Farmers: Kristin and Mark Kimball
First season: 2003
What they raise: Mixed vegetables,
dairy, beef, pork, eggs, chicken, dairy, wheat,
rye, oats, corn, oilseed sunflowers, maple syrup,
cherries, apples, plums, pears.
Location: On Lake Champlain,
a little south of Burlington VT.
Marketing strategies: Year-round
CSA for 25 families.
2005. We bought Rupert, the Highland bull
I wrote about in my last journal
entry -- plus fourteen brood cows, nine yearlings, and
eight calves, with six cows due to calve in the next few weeks.
This brings the beef herd to a grand total of fifty-two beasts.
We weren't planning to expand so fast, but the people who
were selling the bull decided they'd just as soon get rid
of their beef herd entirely and offered it to us for a price
we didn't feel we could refuse.
The new yearling bulls are in the barn now, waiting for the
vet to come cut them. The heifers have joined our jersey yearlings
and a dry dairy cow, grazing down the weeds and brush and
grass growing up around the outbuildings. The rest of the
mighty herd is a gorgeous sight on the long, green pasture.
They are richly furred and crowned with long, fierce horns.
Every morning and evening, my pup Jet and I hike out to check
the electric fence, the automatic waterer and the height of
the grass. Our diligence comes from fear that the fence will
ground out, or they'll run out of grass or water and charge
through the next field onto the county highway. In less than
two weeks of rotation, they've managed to munch their way
through the spring growth on a 15-acre pasture. I'll move
them further out next week and rotate them through the 30-acre
pasture. We could use some warm weather to get the grass going.
The chilly spring we've been having has really held the growth
The time it takes to tend the expanded herd has taken up
any slack we had in our already stretched schedule. We farm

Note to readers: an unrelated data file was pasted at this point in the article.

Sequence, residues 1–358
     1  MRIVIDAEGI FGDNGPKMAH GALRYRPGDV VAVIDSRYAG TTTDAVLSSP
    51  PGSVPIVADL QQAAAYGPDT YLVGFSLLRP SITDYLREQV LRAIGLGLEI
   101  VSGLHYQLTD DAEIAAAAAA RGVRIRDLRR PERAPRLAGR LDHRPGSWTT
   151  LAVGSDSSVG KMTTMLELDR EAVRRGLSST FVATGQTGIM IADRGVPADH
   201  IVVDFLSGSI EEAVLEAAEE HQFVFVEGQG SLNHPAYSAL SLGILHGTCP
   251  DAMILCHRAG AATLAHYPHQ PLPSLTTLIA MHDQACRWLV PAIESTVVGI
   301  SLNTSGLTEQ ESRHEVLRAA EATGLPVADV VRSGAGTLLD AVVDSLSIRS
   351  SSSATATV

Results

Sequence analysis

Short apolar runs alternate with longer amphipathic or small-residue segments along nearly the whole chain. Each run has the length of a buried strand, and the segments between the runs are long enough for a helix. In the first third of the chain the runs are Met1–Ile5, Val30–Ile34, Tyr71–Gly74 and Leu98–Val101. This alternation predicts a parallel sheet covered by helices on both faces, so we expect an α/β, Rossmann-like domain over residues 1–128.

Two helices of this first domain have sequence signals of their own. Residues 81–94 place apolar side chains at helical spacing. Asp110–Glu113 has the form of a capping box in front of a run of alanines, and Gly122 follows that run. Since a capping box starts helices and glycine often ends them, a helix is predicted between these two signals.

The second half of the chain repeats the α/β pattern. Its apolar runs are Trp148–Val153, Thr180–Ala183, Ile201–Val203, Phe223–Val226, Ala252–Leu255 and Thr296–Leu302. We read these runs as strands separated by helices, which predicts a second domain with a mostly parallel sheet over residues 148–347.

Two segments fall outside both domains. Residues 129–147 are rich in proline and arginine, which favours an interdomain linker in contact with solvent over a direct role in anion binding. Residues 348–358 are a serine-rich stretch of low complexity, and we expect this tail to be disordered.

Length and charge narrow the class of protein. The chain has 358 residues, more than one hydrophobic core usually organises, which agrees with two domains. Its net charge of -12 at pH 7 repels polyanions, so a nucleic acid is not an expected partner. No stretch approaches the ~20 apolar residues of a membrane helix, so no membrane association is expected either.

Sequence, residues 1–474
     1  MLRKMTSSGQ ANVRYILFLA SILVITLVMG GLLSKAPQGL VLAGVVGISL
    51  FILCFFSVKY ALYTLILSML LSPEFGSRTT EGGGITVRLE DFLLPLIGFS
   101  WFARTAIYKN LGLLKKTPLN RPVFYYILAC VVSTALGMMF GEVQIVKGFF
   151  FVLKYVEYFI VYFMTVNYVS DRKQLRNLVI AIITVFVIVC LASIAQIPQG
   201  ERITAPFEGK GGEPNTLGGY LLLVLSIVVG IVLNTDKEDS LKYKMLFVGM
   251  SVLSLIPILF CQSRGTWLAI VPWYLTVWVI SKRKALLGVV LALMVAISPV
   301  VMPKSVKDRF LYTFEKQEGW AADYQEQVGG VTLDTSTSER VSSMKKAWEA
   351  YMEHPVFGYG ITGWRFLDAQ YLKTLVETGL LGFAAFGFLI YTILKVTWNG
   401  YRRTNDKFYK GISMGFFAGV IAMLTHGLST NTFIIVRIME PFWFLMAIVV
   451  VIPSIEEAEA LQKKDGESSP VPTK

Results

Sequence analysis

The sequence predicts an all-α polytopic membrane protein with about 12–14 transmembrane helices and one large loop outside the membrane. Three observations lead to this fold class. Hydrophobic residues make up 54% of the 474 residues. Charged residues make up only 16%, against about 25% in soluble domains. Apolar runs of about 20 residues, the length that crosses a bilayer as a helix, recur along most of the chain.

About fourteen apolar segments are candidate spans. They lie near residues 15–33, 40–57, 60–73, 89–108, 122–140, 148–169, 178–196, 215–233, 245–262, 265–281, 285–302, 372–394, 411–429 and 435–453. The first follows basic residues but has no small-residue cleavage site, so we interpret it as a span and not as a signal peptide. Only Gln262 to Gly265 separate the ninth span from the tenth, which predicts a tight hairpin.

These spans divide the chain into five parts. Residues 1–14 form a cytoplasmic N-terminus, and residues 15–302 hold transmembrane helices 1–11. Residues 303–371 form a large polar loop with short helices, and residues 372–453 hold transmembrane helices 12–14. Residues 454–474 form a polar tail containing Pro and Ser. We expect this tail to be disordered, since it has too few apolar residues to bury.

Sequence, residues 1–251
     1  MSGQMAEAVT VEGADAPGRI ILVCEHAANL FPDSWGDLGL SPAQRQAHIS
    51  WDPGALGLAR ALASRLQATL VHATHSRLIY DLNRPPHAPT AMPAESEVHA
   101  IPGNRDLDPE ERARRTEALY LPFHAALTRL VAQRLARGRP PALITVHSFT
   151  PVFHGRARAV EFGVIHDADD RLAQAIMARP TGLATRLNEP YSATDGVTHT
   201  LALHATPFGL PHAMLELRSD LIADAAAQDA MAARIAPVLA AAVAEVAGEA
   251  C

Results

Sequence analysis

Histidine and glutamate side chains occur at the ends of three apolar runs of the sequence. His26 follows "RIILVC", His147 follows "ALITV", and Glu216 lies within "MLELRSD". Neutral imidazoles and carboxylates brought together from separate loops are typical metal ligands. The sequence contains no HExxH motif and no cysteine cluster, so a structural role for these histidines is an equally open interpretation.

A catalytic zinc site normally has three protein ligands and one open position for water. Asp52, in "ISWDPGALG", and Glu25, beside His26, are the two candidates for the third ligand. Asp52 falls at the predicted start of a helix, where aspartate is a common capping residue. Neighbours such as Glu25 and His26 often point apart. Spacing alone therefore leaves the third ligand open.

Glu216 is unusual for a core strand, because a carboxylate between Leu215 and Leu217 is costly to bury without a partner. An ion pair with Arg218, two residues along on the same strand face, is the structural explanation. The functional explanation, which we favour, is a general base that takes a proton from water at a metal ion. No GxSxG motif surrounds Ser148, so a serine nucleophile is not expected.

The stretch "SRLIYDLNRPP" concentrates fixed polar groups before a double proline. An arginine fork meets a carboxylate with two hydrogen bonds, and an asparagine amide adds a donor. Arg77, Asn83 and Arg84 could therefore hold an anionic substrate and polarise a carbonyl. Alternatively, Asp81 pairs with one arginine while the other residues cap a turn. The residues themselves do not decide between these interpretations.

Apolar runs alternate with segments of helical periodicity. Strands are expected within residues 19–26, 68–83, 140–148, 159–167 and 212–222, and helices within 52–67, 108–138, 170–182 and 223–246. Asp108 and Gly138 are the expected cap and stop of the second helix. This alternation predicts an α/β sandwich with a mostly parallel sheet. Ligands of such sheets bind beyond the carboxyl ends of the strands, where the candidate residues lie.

14 to 16 hours a day, six days a week. Sundays, we try to
relax a little after chores, go to town for a meal or a movie,
or take a walk around the farm and catch up on sleep. Today,
a Sunday, the sun came out and we went out for what was supposed
to be a relaxing stroll through the pasture, only to find
that the beef cattle had ripped out a section of the high-tensile
fence, which needed immediate repair, and there went the Sunday
A farmer Mark talked to recently reminded us that when farms
like ours fail, it's usually not for financial reasons but
because of burnout or divorce. We, newlyweds, laughed about
that, and now when things get really stressful, we yell 'Burnout
and divorce!' at each other, but we are also sincerely struggling
with fatigue and time management. Nonessential chores like
mowing the lawn and keeping the housework under control just
haven't been getting done, which lowers our morale, and we
both feel like we've let down friends and relatives who haven't
gotten much attention from us lately.
Meanwhile, the workload is due to get heavier before it gets
any lighter. This week, for example, we have to set up some
kind of head gate to hold these big yearlings for the vet
when he comes on Tuesday. The little calves already on pasture
have to be banded and tagged before they get any bigger, and
we have no easy way to do it. My first batch of 130 broiler
chicks arrives this Thursday, so there is the brooder to set
up, the feed to formulate, grind and mix, and mobile coops
to build. And the meat freezer is nearing empty, so we'll
have to slaughter a hog this week and also a steer, if we
can figure out a way to get a tractor through a muddy patch
between home and the cattle pasture.
But the bright side: The plants are looking awfully good.
Standing on our shaggy lawn, looking out toward the lake,
I can see six acres of tilled ground, three planted now in
regular rows of garlic, greens, broccoli, Brussels sprouts,
carrots, cabbage, peas, tomatoes, beans and potatoes. Our
ad-hoc greenhouse (the south facing porch of the farmhouse)
is stocked with flats of healthy looking seedlings. Flowers
have been planted next to the distribution area. While we
haven't yet been hit with the full force of summer weeds,
we have, so far, managed to keep the fields fairly clean.
We've been working the horses almost every day, spreading
manure and disking and cultivating, and they look fit and
hard. When I see them grazing in the pasture, I feel a small
pang of pride.
Tomorrow, we'll start preparing another two acres of ground
for planting corn. The horses will be frisky after their day
of rest. They'll throw themselves enthusiastically into their
collars to pull the heavy load of compost over soft ground,
and I'll admire them from where I sit, behind. By tomorrow
night we will have moved the fight one small step forward.
Yesterday, an elderly neighbor stopped by to see what we were
up to. She grew up on a ranch out west. 'It's a very good
life, farming and ranching,' she said. I agreed. 'One does
have to get up very early, though,' she went on. Then she
got very serious, and pointed a finger at me, like she was
giving me the secret to a happy farm home. 'The important
thing, dear, is to make sure you take a nap every afternoon.'
I'm going to schedule one in for tomorrow.